5. Too few fruits and veggies. Fruits and vegetables aren’t just great for immune function, healthy skin and weight control. They supply rich amounts of antioxidants, water and fiber—ingredients our brains adore. (Antioxidants help reduce damage from free radicals in the brain, which can interfere with creative processes.) Aim for a variety of fruits and vegetables, and a variety of colors, for best results. Including colorful produce with all of your meals, and snacks as desired, is a great way to meet your daily needs. Particularly brain-healthy varieties include berries, plums, citrus fruits, tomatoes, artichokes, dark leafy greens, carrots and sweet potatoes.

6. Overdoing alcohol. We may feel hilarious, smart and savvy while boozing it up. Most of us know that’s largely drunkenness speaking. Studies have shown that the more alcohol we drink, the more likely we are to experience severe sleep problems, daytime grogginess and reduced cognitive function. And even moderate alcohol consumption has been linked with brain shrinkage over time. If you enjoy alcohol, aim for moderate and occasional indulgences—ideally after you’ve completed creative work. 😉

A Sample Brain-Healthy Day

Breakfast: Steel-cut oatmeal, organic or Greek yogurt, fresh fruit and ground flaxseed or walnuts

Lunch: Large veggie salad with balsamic vinaigrette, grilled salmon, 100 percent whole grain roll

Snack: Baby carrots with healthy dip and/or apple slices with almond butter

Dinner: Steamed or grilled veggies, brown rice, vegetarian chili or grilled tofu

Dessert/Snack: Dark chocolate-dipped berries with a glass of low-fat milk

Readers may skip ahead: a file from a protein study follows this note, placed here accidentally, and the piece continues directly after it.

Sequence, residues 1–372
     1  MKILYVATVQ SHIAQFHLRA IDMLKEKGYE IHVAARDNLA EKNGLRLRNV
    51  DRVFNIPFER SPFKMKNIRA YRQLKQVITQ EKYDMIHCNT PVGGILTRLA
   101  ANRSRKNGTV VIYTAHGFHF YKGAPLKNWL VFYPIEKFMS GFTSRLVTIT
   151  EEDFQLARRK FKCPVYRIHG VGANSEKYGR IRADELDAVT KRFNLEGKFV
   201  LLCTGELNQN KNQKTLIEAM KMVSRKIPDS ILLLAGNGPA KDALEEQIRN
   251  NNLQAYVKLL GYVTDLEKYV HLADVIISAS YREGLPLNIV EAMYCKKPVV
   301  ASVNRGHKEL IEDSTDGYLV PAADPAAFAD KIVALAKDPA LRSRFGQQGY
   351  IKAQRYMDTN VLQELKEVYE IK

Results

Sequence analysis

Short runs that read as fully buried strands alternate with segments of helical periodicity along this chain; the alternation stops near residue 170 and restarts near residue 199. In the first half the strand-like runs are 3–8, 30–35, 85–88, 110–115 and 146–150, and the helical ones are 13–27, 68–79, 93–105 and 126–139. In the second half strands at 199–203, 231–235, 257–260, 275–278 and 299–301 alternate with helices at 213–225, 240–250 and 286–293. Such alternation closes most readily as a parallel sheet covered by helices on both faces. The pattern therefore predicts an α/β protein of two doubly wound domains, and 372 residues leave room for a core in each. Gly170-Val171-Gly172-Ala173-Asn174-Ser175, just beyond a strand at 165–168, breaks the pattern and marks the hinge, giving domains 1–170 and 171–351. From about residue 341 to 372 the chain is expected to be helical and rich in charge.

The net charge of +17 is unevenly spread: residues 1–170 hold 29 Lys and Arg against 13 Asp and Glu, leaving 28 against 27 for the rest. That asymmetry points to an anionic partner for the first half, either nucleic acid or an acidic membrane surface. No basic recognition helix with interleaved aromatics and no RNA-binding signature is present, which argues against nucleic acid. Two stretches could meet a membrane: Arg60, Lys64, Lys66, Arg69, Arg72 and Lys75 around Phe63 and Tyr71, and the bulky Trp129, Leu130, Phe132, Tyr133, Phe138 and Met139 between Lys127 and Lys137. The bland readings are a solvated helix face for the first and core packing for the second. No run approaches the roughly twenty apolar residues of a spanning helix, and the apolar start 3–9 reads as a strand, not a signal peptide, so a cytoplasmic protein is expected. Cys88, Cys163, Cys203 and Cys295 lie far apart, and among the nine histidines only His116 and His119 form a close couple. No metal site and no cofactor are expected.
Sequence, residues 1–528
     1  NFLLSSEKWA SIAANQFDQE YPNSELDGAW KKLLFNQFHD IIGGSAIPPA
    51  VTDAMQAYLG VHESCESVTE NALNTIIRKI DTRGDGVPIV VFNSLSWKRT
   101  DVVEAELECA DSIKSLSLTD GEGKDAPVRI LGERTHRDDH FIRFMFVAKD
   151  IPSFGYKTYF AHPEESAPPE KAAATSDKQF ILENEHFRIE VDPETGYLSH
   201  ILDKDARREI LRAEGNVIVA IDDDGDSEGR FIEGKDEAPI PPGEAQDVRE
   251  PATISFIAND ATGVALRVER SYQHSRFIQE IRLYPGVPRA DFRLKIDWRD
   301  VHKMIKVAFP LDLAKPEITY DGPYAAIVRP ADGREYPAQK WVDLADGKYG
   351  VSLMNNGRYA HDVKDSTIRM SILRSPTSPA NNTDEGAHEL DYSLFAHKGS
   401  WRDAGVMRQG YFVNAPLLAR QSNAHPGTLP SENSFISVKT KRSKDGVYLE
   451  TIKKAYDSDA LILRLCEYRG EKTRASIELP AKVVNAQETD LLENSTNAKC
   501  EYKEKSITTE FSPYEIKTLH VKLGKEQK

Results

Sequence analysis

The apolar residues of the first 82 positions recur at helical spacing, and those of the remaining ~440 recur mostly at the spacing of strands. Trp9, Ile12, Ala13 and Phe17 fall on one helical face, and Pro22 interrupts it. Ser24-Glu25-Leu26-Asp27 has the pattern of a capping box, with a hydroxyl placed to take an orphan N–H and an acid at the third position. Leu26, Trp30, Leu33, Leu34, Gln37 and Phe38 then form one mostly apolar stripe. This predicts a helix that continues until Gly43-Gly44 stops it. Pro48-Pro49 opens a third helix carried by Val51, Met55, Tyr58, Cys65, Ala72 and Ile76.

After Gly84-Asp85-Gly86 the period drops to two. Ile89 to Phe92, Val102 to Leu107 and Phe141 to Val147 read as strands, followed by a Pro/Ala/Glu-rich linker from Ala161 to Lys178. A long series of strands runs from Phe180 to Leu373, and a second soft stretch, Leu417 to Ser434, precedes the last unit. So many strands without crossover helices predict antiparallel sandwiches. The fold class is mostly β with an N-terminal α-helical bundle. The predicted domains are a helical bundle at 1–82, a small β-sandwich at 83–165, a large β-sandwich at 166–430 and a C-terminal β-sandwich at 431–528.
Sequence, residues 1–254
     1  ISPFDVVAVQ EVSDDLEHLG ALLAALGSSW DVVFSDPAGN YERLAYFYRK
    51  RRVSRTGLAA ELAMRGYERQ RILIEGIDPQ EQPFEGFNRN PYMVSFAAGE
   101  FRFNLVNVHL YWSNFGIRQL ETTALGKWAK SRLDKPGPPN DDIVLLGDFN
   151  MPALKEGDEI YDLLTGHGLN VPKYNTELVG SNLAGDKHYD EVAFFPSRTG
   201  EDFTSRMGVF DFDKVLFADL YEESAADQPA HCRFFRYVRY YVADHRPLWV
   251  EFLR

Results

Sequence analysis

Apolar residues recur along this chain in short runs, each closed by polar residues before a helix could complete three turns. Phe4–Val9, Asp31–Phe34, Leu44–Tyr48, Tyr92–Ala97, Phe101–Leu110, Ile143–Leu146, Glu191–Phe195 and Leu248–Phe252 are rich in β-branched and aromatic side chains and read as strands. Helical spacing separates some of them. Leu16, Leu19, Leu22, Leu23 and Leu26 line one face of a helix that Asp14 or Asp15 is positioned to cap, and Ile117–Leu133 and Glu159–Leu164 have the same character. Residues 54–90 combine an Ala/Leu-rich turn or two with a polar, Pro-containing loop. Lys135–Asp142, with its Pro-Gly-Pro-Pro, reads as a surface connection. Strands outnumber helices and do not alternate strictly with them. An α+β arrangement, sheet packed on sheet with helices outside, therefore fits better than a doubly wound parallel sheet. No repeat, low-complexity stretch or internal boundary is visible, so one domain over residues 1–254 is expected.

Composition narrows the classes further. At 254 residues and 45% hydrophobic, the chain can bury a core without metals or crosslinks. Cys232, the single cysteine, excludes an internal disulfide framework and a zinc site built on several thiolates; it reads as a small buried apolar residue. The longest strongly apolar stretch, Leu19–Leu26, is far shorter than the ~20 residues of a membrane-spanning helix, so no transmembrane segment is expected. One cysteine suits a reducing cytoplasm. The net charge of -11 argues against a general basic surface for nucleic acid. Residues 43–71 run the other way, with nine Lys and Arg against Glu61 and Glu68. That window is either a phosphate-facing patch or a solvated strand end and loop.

For more information, check out my LIVESTRONG.com article, The Diet, Exercise and Creativity Connection, featuring award-winning neurologist, Dr. Paul Bendheim.

Now I’m hungry. What about you? What brain-healthy “don’t” do you steer clear of? Which could use some work? Any questions for me? I’d love to support you toward your goals. 

10 Healthy Processed Foods

Yes, you read that right.

In an ideal world, we’d step into our backyards for fresh produce, whole grains and organic eggs, or into our aromatic dining rooms after our personal farmers and chefs did on our behalf. Busy work and home lives, finances and that little thing called reality seldom allow for that, but that doesn’t mean we can’t reap similar benefits.

‘Healthy processed food’ can seem like an oxymoron, but there are nutritious options available. By incorporating them into our diets, we can reap benefits ranging from improved nutrient intake and immune function, to sharpened creativity, weight control and moods. I’m not affiliated with the companies below, but I dig their products.

10 Processed Foods Worth Eating

1. Ezekial Bread When I first began studying nutrition 10-plus years ago, I had to venture to a health food co-op for Ezekial bread. Now most large grocery chains carry Ezekial bread. Thank goodness, because the sprouted grain bread is chock-full of whole grain nutrients, including protein, fiber, B-vitamins and potassium. Tip: If you haven’t yet adjusted to sprouted grains, toast Ezekial bread for enhanced texture and flavor. Your taste buds will gradually adjust.